Thursday, February 4, 2016

Dragon Quest Heroes: The World Tree's Woe and the Blight Below (2015, PS4) - Humanity's Fate Rests Apun Your Shoulders

The Dragon Quest franchise has had a bit of a rocky history outside of Japan, where it remains colossally successful. Dragon Quest X, a high-profile online RPG for the Wii, Wii U, and PC, never saw an international release, nor did the first or the third installments of the Rocket Slime spin-off series (the second installment get an international release on the Nintendo DS and was quite fun.) 3DS remakes of Dragon Quest VII and VIII have sat in translation limbo too.

Slime Time
With all of this history, I definitely wasn't expecting Square Enix to bother releasing Dragon Quest Heroes over here. While the Playstation 3 version of the game was left behind, SE did indeed choose to localize and release PS4 and PC versions, even if it took eight months from the Japanese release.

Click here for a Dragon Quest Heroes screenshot gallery

The world's happiest deadly enemy army.
The new title is designed by Omega Force, the Koei Tecmo subsidiary known for the dozens of Dynasty Warriors games and spin-offs that come out every year. With Square Enix's supervision, Dragon Quest Heroes is, thankfully, a quality title, with high production values, wonderful art, and smooth, if repetitive, game play. This isn't a cheap cash-in like Omega Force's dire Fist of the North Star titles.

The hero comments on the Dynasty Warriors franchise.
 Dragon Quest Heroes: The World Tree's Woe and the Blight Below (the best subtitle of the year) is a simple brawler where players bash through hundreds of enemies per stage, while swapping between one of four active heroes. Most of the numerous heroes (largely taken from previous Dragon Quest titles) play differently from one another, so it's easy to swap out and try something new if you're getting a little bored, and the game's tower defense-style elements add a nice layer of strategy. After defeating monsters, players sometimes receive medals which can be used to summon those same monsters as allies, placing them at strategic points to defend crucial locations and characters while enemies march relentlessly from their spawn points. I'm not normally a tower defense guy, but using base elements of the genre and mixing it in with very fast, very active action-combat is a nice formula that works well.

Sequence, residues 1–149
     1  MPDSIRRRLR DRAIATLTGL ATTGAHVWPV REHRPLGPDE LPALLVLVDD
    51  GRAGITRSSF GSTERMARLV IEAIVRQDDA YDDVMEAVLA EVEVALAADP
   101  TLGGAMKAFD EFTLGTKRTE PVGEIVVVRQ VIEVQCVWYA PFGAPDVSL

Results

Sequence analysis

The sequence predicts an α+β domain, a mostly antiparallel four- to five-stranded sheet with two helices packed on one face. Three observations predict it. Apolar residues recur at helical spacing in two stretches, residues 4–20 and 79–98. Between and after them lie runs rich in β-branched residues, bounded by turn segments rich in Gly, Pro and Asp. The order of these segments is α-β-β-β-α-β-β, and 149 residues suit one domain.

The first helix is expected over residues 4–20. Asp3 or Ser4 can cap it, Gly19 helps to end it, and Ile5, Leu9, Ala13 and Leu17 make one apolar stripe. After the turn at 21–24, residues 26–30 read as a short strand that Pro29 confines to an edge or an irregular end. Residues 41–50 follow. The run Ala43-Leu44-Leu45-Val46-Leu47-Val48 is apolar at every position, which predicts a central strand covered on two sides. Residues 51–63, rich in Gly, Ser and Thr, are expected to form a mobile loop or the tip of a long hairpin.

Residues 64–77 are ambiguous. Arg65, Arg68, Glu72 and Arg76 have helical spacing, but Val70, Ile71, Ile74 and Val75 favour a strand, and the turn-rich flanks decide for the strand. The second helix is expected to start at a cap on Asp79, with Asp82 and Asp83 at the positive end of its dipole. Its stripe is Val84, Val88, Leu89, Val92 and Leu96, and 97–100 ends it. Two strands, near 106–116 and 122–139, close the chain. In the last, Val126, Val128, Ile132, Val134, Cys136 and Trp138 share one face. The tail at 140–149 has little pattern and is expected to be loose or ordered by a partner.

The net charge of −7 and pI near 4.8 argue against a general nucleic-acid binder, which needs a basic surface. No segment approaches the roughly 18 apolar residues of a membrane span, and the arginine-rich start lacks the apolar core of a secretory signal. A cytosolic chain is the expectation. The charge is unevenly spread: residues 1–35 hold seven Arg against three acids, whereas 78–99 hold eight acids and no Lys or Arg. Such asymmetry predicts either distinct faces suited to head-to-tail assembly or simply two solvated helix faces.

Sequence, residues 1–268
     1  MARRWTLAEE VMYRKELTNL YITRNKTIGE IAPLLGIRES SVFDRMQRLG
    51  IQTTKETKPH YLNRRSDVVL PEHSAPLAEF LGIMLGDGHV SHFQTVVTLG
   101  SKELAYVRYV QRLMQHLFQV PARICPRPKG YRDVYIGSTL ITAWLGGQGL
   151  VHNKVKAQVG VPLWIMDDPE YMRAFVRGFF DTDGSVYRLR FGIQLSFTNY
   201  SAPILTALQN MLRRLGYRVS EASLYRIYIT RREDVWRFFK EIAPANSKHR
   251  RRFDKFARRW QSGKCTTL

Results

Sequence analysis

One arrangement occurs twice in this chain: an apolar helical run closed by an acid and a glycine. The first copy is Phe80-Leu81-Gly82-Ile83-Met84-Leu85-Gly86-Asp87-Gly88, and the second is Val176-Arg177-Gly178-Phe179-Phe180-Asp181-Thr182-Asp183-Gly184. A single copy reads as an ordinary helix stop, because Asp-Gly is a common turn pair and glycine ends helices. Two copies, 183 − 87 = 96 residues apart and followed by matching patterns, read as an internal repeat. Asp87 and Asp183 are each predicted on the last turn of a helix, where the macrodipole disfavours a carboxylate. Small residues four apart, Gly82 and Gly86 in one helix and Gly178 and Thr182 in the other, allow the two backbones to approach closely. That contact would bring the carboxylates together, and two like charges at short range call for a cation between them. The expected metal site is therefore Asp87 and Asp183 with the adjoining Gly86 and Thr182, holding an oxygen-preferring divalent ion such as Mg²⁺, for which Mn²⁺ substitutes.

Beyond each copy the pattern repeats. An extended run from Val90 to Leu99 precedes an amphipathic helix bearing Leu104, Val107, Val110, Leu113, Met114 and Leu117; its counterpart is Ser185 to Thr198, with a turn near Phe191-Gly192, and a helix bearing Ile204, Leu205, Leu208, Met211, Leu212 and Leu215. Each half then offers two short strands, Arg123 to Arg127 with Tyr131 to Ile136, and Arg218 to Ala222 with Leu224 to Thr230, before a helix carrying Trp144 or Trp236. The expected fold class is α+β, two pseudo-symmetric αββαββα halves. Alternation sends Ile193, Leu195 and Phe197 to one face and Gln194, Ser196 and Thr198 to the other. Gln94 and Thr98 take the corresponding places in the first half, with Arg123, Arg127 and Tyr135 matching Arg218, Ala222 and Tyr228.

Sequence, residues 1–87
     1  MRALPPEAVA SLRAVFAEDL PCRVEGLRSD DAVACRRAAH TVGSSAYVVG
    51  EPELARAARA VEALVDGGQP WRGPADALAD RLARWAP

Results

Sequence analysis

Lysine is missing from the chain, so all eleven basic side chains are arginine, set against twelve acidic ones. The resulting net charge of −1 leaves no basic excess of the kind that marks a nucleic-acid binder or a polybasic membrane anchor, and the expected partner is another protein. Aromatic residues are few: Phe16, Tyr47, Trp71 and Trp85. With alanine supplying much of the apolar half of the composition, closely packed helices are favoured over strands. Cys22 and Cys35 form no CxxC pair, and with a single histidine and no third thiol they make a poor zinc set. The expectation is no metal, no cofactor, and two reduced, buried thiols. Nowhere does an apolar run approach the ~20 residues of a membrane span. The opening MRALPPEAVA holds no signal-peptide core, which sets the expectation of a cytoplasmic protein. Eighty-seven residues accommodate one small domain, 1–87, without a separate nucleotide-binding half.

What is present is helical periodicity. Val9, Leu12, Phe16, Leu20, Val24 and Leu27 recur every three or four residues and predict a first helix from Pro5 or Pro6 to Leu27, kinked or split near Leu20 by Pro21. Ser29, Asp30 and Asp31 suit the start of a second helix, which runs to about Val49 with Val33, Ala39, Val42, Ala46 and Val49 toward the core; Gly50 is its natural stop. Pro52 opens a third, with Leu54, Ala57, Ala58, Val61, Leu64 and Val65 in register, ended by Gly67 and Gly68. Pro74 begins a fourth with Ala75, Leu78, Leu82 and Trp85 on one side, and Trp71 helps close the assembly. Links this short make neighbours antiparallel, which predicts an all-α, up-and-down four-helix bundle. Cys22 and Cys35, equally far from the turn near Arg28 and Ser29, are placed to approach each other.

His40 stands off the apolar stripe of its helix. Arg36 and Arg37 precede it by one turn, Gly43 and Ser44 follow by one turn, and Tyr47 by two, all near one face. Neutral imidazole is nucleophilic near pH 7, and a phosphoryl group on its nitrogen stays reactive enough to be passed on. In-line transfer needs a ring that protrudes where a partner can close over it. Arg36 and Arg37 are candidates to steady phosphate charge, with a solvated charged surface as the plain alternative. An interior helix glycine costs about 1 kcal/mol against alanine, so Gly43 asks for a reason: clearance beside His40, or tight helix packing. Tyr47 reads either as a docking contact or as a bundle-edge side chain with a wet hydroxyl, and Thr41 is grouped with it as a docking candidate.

Grindin' Golems
The game's bosses are huge and fun to fight, shifting focus from hordes of foes to one or two big deadlies. The best fights, by far, are the ones where players fight one on one battles with no allies and no lesser enemies, with all focus on careful dodging and timing. There are only a couple of these, which is a shame, because they're excellent fights.
Jolly Blue Bumbler